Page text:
Working to keep the West special

RMCO/NRDC Report:
Special Places at Risk in the Gulf of Mexico

On May 26, 2010, RMCO and the Natural Resources Defense Council (NRDC) released a report on the special places around the Gulf of Mexico threatened by oil from the BP blowout. The report identifies 15 national and state parks and wildlife areas at risk of oil contamination, and documents the resources that are in peril.

Those resources include much of what makes the Gulf of Mexico such an environmentally rich area: fish and fishing, beaches and wetlands, coral reefs, and many of the wildlife species so important to Americans, including critically threatened whooping cranes and sea turtles, manatees, and bottlenose dolphins.

The top 15 parks and wildlife areas identified in our report are:

Breton National Wildlife Refuge, Louisiana
Pass a Loutre Wildlife Management Area, Louisiana
Delta National Wildlife Refuge, Louisiana
Rockefeller Wildlife Refuge, Louisiana
Gulf Islands National Seashore, Mississippi and Florida
Grand Bay National Wildlife Refuge, Mississippi and Alabama
Bon Secour National Wildlife Refuge, Alabama
St. Marks National Wildlife Refuge, Florida
Lower Suwannee National Wildlife Refuge, Florida
Everglades National Park, Florida
John Pennekamp Coral Reef State Park, Florida
Key West National Wildlife Refuge, Florida
Dry Tortugas National Park, Florida
Aransas National Wildlife Refuge, Texas
Padre Island National Seashore, Texas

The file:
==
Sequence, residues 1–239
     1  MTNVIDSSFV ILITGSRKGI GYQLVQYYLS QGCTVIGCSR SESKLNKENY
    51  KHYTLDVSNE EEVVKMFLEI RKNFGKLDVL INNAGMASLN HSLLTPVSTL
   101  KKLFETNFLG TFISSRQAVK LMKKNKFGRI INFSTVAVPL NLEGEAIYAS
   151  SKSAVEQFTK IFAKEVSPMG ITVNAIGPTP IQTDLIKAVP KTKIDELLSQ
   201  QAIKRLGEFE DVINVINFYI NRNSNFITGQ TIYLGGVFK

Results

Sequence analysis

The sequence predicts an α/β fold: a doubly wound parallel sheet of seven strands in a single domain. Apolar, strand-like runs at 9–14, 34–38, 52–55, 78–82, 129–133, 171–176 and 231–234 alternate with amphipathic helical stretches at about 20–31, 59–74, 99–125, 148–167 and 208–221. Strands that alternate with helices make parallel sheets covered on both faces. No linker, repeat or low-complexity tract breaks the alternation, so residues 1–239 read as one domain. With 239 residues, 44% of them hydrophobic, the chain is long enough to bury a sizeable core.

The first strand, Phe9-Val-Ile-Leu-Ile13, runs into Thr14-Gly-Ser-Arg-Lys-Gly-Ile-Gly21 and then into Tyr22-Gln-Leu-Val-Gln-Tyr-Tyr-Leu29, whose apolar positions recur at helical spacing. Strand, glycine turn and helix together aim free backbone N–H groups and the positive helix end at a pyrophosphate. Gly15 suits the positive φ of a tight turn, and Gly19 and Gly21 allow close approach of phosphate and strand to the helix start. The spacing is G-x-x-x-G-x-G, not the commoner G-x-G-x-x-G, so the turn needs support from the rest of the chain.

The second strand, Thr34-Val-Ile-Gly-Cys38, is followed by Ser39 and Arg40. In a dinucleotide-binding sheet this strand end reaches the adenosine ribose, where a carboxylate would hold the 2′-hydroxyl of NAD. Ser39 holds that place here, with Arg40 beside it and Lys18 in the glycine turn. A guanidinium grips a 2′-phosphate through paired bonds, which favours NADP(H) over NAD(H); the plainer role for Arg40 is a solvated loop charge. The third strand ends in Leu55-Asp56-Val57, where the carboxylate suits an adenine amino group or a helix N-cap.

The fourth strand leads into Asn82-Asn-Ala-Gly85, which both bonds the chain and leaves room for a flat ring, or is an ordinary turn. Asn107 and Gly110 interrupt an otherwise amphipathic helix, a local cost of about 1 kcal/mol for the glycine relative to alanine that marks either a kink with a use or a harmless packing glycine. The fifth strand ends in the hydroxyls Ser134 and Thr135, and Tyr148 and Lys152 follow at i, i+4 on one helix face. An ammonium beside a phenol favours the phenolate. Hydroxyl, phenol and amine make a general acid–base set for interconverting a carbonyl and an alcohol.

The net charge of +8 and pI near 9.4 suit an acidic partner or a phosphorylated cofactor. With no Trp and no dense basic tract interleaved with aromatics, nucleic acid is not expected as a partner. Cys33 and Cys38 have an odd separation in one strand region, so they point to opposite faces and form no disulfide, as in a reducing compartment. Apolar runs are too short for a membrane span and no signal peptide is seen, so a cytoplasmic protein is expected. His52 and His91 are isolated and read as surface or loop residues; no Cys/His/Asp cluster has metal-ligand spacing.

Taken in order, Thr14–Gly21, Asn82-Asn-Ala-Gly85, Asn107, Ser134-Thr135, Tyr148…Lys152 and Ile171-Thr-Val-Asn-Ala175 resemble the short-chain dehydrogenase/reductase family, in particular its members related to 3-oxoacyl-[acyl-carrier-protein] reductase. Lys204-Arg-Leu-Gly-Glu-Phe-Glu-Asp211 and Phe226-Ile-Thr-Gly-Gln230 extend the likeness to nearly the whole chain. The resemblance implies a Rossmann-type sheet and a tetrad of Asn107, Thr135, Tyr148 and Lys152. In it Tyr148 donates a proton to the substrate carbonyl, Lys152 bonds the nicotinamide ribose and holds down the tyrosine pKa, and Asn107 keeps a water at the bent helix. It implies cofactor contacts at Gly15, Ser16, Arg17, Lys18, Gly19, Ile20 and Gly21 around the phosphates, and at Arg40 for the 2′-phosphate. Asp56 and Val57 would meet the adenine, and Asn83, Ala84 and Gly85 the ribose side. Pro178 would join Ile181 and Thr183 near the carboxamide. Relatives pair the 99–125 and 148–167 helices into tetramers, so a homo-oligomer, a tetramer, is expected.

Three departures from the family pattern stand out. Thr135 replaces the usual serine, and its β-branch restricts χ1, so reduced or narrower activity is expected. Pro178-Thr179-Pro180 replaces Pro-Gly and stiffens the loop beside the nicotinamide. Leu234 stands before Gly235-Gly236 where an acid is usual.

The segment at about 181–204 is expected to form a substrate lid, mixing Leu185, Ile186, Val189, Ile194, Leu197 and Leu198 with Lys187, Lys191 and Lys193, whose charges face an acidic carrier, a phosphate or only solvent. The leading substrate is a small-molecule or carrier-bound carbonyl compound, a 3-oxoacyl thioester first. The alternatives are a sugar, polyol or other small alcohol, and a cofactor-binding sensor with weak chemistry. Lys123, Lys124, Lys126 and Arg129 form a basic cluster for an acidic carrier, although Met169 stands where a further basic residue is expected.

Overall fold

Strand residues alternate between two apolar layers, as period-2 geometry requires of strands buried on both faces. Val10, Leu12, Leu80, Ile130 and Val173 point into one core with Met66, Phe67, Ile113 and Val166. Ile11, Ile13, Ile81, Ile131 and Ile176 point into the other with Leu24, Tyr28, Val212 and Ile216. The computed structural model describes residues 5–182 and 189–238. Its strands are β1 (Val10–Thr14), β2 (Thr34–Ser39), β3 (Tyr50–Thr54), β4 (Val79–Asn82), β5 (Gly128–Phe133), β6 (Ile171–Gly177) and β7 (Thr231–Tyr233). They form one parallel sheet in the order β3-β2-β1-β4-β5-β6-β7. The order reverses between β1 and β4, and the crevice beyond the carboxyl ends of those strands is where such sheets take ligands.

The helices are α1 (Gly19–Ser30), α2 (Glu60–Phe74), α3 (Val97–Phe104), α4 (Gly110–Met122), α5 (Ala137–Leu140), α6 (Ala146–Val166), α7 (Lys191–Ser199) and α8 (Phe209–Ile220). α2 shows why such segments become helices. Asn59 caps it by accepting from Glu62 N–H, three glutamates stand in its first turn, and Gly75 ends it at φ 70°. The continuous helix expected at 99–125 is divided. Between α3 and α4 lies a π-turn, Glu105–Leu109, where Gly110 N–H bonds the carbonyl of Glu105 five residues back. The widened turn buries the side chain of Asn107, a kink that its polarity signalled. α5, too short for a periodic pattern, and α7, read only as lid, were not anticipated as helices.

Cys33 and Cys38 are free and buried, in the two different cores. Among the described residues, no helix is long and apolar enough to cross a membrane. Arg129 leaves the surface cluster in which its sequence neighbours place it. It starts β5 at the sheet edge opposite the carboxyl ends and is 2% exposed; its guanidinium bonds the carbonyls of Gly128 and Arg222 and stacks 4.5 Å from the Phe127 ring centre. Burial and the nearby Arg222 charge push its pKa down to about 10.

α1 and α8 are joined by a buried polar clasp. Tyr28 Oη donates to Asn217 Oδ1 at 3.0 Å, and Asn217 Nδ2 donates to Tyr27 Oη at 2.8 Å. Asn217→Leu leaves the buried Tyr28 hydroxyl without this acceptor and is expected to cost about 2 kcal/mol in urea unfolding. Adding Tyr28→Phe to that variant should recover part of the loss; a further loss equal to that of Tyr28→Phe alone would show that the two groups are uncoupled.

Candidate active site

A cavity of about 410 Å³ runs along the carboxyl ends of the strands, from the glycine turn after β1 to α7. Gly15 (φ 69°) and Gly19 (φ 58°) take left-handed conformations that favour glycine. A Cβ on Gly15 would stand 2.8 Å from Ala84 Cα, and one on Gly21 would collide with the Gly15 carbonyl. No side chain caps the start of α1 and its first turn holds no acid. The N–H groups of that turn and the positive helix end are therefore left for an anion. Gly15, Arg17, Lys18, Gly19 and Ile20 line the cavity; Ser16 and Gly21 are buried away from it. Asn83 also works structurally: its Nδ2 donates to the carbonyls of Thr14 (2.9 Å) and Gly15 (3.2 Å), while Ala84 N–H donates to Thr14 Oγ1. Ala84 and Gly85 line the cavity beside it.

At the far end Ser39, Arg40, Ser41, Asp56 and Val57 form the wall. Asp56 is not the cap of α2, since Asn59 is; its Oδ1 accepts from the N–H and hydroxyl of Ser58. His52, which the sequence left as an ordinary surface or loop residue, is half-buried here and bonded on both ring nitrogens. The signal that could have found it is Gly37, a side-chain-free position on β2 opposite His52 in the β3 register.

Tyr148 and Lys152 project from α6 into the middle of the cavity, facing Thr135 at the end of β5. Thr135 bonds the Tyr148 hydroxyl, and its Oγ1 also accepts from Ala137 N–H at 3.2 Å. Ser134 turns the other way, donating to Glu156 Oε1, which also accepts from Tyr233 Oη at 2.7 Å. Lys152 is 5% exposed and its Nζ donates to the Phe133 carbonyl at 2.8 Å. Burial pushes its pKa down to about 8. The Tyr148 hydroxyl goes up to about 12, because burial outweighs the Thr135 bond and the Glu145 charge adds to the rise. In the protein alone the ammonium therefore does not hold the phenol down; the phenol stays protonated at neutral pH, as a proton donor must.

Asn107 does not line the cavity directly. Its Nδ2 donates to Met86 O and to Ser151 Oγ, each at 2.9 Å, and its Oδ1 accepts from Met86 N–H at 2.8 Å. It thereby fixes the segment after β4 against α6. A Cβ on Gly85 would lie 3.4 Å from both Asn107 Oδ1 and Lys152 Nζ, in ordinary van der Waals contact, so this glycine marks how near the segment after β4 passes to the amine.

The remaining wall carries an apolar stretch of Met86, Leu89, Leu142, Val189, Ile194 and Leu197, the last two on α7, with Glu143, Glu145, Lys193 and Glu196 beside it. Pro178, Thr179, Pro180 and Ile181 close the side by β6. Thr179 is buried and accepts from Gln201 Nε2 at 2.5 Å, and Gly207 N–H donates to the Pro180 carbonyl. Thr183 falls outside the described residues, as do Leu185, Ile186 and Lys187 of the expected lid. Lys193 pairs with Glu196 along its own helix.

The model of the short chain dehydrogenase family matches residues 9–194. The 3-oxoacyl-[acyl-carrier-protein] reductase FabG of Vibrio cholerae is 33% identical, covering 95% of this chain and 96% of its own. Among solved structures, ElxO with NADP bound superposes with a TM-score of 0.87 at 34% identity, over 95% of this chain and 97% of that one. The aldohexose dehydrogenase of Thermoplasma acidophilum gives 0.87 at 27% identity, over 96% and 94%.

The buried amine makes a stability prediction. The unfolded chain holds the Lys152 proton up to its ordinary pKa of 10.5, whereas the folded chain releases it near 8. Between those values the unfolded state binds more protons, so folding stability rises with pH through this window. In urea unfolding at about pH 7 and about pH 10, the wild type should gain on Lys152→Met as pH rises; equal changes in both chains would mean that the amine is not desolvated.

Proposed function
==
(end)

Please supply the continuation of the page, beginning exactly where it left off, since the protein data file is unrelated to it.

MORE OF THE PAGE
Our list of the top 15 was chosen to include the best examples of the full range of both the protected coastal public areas and the resources within them that are vulnerable to contamination by the BP disaster.

This report is not intended to raise useless alarm but to galvanize action. The BP oil catastrophe is today's overwhelming demonstration of the dangers of America's
over-dependence on and over-use of fossil fuels. Besides oil spills, those dangers include emissions of heat-trapping gases that are disrupting our climate, other air pollution that causes deaths and illnesses, high energy costs that undercut our national and personal economies, and even increased risks to our national security. The disaster
unfolding in the Gulf of Mexico is a powerful reason, one among many, for us to shift to safer, cleaner, cheaper, and more secure energy resources. Ultimately, making such a transformation is the only sure way to reduce the chances of another catastrophe, in the Gulf or elsewhere, like the
BP oil blowout and its potentially devastating effects on special places that we Americans hold so dear.

 

Links:

The news release announcing the report, and a recording of the teleconference at which the report was released, featuring RMCO president Stephen Saunders; Julie Wraithmell, wildlife policy coordinator, Florida Audubon; Dr. Enid Sisskin, University of West Florida; and Captain Louis Skrmetta of Ship Island Excursions.

The full report -- 19 MB (large file!)

The report is also available in four smaller sections:

Part 1 - 4.4 MB

Part 2 - 4.2 MB

Part 3 - 4.8 MB

Part 4 - 4.5 MB

Nesting brown pelicans on an island in the Gulf of Mexico. The orange line in the water is barrier designed to keep spilled oil from washing ashore.

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